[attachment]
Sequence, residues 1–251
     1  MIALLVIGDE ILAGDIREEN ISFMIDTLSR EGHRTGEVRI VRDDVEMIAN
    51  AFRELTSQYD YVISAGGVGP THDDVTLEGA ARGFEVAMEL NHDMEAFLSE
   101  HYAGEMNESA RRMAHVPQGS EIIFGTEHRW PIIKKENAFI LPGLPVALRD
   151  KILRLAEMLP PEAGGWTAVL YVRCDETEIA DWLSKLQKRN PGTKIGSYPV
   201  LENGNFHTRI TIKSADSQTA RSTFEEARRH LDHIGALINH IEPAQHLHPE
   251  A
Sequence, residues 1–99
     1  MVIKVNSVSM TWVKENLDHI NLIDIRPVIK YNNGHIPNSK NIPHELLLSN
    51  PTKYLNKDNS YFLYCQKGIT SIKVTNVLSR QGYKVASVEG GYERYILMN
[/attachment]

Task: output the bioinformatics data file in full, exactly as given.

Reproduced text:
Sequence, residues 1–251
     1  MIALLVIGDE ILAGDIREEN ISFMIDTLSR EGHRTGEVRI VRDDVEMIAN
    51  AFRELTSQYD YVISAGGVGP THDDVTLEGA ARGFEVAMEL NHDMEAFLSE
   101  HYAGEMNESA RRMAHVPQGS EIIFGTEHRW PIIKKENAFI LPGLPVALRD
   151  KILRLAEMLP PEAGGWTAVL YVRCDETEIA DWLSKLQKRN PGTKIGSYPV
   201  LENGNFHTRI TIKSADSQTA RSTFEEARRH LDHIGALINH IEPAQHLHPE
   251  A
Sequence, residues 1–99
     1  MVIKVNSVSM TWVKENLDHI NLIDIRPVIK YNNGHIPNSK NIPHELLLSN
    51  PTKYLNKDNS YFLYCQKGIT SIKVTNVLSR QGYKVASVEG GYERYILMN